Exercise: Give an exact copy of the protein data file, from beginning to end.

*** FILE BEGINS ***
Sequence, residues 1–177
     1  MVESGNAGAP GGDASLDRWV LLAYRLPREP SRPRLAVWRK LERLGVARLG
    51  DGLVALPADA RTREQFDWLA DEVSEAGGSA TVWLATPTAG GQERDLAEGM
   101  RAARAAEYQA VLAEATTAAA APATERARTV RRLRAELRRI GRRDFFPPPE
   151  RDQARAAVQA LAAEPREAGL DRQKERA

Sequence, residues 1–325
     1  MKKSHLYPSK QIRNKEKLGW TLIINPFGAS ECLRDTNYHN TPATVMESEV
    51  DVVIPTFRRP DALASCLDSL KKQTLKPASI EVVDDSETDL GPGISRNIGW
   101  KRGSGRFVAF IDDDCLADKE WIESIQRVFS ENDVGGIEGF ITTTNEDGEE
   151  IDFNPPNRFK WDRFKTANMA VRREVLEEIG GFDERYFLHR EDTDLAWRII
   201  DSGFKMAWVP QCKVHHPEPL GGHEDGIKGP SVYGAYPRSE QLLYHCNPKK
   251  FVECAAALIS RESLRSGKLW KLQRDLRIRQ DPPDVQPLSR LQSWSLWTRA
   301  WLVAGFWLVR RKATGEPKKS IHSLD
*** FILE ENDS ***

Sequence, residues 1–177
     1  MVESGNAGAP GGDASLDRWV LLAYRLPREP SRPRLAVWRK LERLGVARLG
    51  DGLVALPADA RTREQFDWLA DEVSEAGGSA TVWLATPTAG GQERDLAEGM
   101  RAARAAEYQA VLAEATTAAA APATERARTV RRLRAELRRI GRRDFFPPPE
   151  RDQARAAVQA LAAEPREAGL DRQKERA

Sequence, residues 1–325
     1  MKKSHLYPSK QIRNKEKLGW TLIINPFGAS ECLRDTNYHN TPATVMESEV
    51  DVVIPTFRRP DALASCLDSL KKQTLKPASI EVVDDSETDL GPGISRNIGW
   101  KRGSGRFVAF IDDDCLADKE WIESIQRVFS ENDVGGIEGF ITTTNEDGEE
   151  IDFNPPNRFK WDRFKTANMA VRREVLEEIG GFDERYFLHR EDTDLAWRII
   201  DSGFKMAWVP QCKVHHPEPL GGHEDGIKGP SVYGAYPRSE QLLYHCNPKK
   251  FVECAAALIS RESLRSGKLW KLQRDLRIRQ DPPDVQPLSR LQSWSLWTRA
   301  WLVAGFWLVR RKATGEPKKS IHSLD